By letting doctors record patients’ symptoms with a single click, ClickClinica provides real-time global disease surveillance
There are more than half a million apps at the iPhone App store, and few human interests are uncatered for. You can download books, have a tour of the stars, and lob exploding birds at hunkered-down pigs.
Academics are now getting in on the app action. Earlier this month, researchers at Liverpool University launched ClickClinica, a free app for doctors. It brings together authoritative guidelines for handling medical issues, from bodies such as the World Health Organisation (WHO) and the National Institute for Health and Clinical Excellence (NICE), so doctors can check best practice before treating their patients.
But the app has a second feature that makes it more than a digital reference book. With a single click, a doctor can record what symptoms their patient has and the treatment they provided. Collect enough of these together, from around the world, and you get real-time global disease surveillance.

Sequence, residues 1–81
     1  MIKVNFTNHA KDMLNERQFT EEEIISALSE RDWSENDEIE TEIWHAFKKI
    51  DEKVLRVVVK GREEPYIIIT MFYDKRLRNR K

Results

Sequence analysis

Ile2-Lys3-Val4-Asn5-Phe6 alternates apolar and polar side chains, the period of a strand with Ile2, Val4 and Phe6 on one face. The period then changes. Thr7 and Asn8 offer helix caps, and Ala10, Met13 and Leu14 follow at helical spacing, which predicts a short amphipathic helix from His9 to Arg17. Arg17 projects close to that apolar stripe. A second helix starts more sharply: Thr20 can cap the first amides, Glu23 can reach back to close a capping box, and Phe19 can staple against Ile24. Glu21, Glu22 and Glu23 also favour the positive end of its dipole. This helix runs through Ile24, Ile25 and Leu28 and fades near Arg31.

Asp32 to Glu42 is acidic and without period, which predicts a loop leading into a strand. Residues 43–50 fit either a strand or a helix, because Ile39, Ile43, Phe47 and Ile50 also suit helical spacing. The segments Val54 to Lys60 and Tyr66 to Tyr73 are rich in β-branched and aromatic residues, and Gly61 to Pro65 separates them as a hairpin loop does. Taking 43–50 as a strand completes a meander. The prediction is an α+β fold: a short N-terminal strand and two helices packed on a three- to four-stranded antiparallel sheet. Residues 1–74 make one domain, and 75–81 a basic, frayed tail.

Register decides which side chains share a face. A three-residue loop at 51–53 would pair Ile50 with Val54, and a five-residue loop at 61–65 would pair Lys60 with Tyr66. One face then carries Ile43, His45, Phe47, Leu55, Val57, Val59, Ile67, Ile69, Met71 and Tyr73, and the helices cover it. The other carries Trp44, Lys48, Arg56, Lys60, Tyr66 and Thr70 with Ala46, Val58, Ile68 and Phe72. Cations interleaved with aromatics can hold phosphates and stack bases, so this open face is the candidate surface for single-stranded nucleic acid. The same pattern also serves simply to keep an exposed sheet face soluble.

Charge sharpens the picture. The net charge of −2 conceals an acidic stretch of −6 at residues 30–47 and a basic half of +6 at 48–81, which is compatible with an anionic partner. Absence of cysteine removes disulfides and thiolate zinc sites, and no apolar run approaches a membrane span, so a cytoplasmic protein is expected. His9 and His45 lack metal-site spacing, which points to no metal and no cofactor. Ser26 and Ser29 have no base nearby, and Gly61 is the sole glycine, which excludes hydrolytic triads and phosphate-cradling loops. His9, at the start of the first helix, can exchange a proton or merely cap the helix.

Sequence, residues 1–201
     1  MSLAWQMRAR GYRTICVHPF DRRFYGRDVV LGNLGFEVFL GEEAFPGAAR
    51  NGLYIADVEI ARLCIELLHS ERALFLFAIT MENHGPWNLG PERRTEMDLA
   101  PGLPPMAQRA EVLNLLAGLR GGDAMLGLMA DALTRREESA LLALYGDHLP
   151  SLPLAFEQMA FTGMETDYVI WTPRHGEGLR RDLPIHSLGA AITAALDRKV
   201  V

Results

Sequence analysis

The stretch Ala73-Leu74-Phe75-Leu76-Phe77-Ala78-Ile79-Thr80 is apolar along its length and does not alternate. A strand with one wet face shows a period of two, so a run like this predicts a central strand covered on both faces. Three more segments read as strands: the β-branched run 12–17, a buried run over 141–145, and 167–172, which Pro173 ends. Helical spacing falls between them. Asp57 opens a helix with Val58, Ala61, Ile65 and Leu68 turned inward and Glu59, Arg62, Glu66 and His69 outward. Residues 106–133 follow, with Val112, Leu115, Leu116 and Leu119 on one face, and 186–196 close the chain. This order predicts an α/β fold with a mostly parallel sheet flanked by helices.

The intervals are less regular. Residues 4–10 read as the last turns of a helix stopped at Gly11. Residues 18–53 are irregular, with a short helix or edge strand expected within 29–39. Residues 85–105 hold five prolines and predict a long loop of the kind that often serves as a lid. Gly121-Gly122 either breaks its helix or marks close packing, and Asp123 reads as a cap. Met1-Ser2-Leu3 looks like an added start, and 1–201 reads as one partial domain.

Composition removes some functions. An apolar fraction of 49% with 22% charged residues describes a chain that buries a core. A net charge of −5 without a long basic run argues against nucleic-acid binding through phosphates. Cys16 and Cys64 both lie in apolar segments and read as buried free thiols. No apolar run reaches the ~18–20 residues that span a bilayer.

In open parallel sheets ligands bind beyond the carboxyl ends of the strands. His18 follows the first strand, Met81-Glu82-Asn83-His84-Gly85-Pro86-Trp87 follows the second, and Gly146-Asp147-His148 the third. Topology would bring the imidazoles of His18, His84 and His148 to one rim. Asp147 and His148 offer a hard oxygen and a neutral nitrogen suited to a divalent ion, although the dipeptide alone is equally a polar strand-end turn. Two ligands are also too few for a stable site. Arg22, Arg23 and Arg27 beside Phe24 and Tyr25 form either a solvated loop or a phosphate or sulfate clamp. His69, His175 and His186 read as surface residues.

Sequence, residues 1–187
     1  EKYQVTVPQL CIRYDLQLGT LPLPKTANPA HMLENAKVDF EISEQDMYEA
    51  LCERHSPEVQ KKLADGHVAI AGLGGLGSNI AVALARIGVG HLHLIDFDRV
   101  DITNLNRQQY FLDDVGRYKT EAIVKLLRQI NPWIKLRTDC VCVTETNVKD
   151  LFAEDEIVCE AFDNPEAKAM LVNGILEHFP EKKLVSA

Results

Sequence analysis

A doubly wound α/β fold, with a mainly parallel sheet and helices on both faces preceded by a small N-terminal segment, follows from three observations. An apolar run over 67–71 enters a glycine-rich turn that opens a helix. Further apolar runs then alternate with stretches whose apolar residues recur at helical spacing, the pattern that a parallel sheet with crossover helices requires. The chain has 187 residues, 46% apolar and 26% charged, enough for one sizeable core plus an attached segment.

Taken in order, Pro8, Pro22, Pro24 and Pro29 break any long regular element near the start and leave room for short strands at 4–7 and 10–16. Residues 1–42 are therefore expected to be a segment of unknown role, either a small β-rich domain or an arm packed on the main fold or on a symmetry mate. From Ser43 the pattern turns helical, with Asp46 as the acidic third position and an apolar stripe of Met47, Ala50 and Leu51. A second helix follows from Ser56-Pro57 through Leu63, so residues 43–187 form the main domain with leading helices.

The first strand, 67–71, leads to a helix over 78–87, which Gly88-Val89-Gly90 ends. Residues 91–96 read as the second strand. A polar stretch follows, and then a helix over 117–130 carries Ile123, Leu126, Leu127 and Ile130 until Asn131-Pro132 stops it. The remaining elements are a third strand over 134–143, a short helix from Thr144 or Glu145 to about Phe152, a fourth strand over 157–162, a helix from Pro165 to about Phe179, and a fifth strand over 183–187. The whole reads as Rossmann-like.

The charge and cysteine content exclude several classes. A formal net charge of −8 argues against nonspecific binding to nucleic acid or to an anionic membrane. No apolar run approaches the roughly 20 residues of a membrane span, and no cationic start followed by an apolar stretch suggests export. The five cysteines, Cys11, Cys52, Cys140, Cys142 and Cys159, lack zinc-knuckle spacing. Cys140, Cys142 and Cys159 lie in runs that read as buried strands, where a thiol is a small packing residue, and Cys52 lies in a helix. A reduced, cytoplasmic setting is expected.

The app was developed by Benedict Michael, a National Institute for Health Research (NIHR) research fellow at the university’s Institute of Infection and Global Health. In its first month, more than 1,000 doctors downloaded ClickClinica.
And it is already proving useful. ClickClinica has recorded three new cases of TB in Britain – in the West Midlands and the North East – including one who developed meningitis. A further five cases of the severe brain infection, encephalitis, were picked up in the UK, as was a new case of H1N1 influenza.
Reports from doctors in other countries have helped the researchers identify nine new cases of HIV, in Kuala Lumpur, Penang and Galilee, and one case that required therapy for a drug-resistant virus.
via The Guardian
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